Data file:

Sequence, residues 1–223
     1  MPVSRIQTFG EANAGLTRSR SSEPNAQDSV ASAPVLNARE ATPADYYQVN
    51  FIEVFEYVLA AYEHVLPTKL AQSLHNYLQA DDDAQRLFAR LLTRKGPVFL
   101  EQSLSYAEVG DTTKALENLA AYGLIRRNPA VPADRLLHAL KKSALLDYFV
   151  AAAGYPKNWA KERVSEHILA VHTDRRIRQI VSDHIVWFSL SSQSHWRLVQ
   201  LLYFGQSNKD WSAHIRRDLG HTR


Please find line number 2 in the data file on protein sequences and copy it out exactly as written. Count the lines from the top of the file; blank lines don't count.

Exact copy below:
     1  MPVSRIQTFG EANAGLTRSR SSEPNAQDSV ASAPVLNARE ATPADYYQVN